Yueran Zhang senior contributor

Chinese Journalist Chatter: All Hope Is Not Yet Lost

Liu Jianfeng. Via Weibo

Earlier this week, Tea Leaf Nation published an article focusing on why respected Chinese journalists keep leaving the field. The piece has evoked another round of discussion on Sina Weibo, China’s Twitter, in which some of the journalists mentioned in the piece have participated.

For some readers, the reality of Chinese journalism revealed by the article deepens their hopelessness. @时评人黄国胜 is one of them, writing, “It’s so difficult to be an authentic journalist in China!” More directly, @新闻已死 (whose handle name literally means, “the news is dead”) declares the “death of Chinese journalism.” “There is no ‘news’ in China, only ‘propaganda.’”

Even more saddened are those who used to work in journalism. They said the piece reminded them of their unpleasant past. @高压锅老窝 writes, “If you worked in the media industry for a few days, you would not trust anything.” @雪峰NO1 attributes the mistrust to the tradition of telling lies in Chinese journalism. “Journalism is a high-risk occupation. Maybe just by accident, a disaster can befall you. Unless you follow your superior and tell lies, you are punished. It’s the destiny of journalists.”{{1}}[[1]]}中国的新闻业是高危行业,一不小心就挨整,要么你就跟着领导说假话,唱主旋律,否则必然挨搞,这是新闻人的命。 [[1]]

Besides news censorship, high workloads and physical danger, @Istreet also points out that Chinese journalism is besmirched by an obsession with money. “The only thing [many journalists] care about is the amount of the bribe.” @雪峰NO1 provides factual back-up for this: “I have attended several press conferences occasionally. All the journalists present there got bribe money. ”

As a response to being featured in the article, Liu Jianfeng (@去V的刘建锋), a reputed investigative journalist who quit in July, explains his reason for quitting, noting both the impasse facing traditional media and the potential of a rising new media. He argued that quitting did not mean he was giving up his dream, but rather fulfilling his dream to a larger extent than previously possible:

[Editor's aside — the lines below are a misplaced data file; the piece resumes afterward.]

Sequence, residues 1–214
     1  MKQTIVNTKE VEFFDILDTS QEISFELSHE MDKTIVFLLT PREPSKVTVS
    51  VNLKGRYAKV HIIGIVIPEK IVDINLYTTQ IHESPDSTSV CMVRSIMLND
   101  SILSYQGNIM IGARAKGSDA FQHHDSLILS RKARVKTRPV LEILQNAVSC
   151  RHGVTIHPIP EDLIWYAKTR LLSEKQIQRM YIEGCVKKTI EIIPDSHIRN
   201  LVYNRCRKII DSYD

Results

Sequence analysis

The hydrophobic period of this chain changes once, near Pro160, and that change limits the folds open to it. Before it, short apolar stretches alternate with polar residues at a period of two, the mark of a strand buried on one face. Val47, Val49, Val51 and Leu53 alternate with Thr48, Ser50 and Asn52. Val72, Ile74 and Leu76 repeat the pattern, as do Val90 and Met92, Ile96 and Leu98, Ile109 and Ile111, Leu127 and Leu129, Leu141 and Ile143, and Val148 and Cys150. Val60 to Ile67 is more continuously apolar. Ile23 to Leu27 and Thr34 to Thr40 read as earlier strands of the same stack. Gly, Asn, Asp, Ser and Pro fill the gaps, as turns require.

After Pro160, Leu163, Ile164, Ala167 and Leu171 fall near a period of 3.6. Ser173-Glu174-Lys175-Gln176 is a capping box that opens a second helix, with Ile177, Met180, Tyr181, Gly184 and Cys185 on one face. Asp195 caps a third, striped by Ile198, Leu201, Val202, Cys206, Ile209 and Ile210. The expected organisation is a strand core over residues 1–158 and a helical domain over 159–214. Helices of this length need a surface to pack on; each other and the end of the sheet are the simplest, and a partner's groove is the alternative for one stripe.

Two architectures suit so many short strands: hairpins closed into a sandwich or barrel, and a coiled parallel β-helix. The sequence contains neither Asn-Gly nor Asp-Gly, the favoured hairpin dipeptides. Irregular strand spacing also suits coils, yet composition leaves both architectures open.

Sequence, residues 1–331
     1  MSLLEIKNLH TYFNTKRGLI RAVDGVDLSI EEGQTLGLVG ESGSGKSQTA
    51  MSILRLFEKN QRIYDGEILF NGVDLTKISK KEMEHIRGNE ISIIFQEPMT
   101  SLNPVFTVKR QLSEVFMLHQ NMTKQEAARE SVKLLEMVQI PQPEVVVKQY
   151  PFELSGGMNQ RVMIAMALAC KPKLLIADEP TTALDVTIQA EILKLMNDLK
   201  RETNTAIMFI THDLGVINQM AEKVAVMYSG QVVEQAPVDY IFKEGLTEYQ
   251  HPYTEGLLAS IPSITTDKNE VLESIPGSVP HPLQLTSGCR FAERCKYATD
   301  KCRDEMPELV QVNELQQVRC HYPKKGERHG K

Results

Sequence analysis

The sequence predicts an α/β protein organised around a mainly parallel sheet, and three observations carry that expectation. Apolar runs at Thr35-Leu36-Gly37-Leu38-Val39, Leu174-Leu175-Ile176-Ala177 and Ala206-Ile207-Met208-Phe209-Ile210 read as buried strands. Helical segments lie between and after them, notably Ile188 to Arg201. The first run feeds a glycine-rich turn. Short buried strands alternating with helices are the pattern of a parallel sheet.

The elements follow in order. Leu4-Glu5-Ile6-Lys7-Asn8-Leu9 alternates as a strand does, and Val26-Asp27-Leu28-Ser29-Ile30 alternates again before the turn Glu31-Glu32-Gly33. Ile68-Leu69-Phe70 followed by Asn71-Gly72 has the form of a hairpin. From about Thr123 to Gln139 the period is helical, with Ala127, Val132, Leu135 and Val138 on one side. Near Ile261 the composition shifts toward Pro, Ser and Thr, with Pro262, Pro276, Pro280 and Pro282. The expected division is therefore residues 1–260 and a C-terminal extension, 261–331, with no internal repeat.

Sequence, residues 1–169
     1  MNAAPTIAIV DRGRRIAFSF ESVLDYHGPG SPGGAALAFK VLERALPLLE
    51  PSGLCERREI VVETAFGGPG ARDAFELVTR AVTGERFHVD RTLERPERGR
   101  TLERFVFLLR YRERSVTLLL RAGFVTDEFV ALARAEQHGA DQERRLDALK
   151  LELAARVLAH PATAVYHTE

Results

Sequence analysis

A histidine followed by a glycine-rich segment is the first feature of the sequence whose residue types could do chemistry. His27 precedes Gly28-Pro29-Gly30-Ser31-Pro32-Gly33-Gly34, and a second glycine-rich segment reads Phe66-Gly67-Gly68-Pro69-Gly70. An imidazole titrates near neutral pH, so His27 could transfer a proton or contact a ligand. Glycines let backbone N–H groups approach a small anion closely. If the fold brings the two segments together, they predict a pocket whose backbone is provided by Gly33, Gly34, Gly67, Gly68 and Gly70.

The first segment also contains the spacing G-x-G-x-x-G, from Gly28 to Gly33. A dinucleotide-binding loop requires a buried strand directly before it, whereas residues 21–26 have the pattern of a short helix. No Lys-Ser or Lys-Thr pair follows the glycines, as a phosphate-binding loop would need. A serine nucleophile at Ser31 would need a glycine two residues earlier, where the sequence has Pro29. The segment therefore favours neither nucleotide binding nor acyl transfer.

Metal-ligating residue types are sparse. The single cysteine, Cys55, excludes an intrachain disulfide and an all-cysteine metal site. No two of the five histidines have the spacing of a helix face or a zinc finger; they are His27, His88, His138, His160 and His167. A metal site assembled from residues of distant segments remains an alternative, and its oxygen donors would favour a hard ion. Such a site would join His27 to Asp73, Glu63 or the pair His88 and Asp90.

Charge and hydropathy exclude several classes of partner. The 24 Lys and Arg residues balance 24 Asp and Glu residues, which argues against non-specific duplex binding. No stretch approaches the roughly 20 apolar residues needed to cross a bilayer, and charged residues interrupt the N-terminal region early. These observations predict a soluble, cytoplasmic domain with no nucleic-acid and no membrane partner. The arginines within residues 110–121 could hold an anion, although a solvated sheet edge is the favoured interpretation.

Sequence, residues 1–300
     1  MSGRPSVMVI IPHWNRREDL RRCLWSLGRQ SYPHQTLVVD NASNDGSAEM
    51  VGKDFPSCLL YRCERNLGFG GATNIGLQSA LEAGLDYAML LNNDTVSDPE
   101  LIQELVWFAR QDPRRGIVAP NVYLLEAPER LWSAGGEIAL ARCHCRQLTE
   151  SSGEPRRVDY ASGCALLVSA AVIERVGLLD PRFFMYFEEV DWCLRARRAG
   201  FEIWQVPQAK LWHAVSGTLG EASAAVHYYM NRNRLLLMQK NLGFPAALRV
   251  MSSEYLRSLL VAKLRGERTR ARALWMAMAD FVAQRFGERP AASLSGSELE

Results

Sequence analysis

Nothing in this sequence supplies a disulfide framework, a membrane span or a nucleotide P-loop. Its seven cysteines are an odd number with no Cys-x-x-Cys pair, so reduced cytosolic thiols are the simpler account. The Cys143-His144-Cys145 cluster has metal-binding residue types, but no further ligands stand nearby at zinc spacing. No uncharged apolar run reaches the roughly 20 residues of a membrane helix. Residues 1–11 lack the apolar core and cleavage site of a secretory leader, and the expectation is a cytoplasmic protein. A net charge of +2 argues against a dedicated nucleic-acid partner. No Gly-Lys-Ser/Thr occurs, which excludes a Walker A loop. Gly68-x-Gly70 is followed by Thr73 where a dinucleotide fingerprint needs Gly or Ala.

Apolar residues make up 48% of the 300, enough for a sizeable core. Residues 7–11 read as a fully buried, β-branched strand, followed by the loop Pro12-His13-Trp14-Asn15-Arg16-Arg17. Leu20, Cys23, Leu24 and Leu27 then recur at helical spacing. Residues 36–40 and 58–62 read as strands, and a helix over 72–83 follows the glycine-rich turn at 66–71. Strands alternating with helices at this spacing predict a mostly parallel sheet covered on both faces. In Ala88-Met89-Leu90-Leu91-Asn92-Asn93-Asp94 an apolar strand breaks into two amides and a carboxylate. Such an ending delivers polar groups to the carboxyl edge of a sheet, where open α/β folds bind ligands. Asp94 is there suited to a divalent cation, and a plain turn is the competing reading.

“The reasons why I quit are: first, freedom of expression of newspapers is very limited by political pressure, and inner conflicts make it worse; second, [real-world] social networks [which a journalist must navigate to succeed and stay out of trouble] are multi-dimensional and too complicated; third, considering political reforms in the next few years, independent and social media will rise, while new technologies and new forms of markets will open channels for depoliticized, de-commercialized investigation agencies; and the last, I already have a strong team of three or four people. I know what to do and how to do it, and all we need is financial support.”{{2}}[[2]]我辞职是因:一,政压下纸媒空间逼仄、内耗加大。二,既简单又极复杂的多重人际因素。三,未来数年政事变局,独立小团队、公共媒体顺势崛起,技术与新的市场形式为去政治化、非商业化小调查机构提供了新的生存方式。四,三四人的精干团队组建中,已明确要做什么、怎么做,现只欠东风,广泛征求启动资金.[[2]]

With the persistence and idealism he still holds, Liu rejects the pessimistic notion that Chinese journalists could pursue nothing but “dead journalism.” “Don’t be so pessimistic. There are always still courageous and uncompromised reporters who tell the truth. Those who claim that ‘there is no news in China’ are the ones who cannot endure the pressure and give up. If your pieces are killed, you can still publish them online. Is there worse outcome than being fired? As far as I know, many dare to do that.”{{3}}[[3]]别这么说,总还是有骨头硬、软硬招都接得住的只说真话的记者,宣称中国只有宣传没有新闻的,那是自己顶不住压力吗?就算被毙了也可以发到网上,顶多不就是被处罚丢职吗?我所知有许多人就敢这么做。[[3]]

So it seems too early to declare the “death of Chinese journalism.” In the midst of desperation and frustration, there still remains a glimmer of hope and endurance.

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Yueran Zhang

Yueran Zhang is a student at Duke University, class of 2015, currently majoring in sociology and math. He spent all of his life before college in Beijing.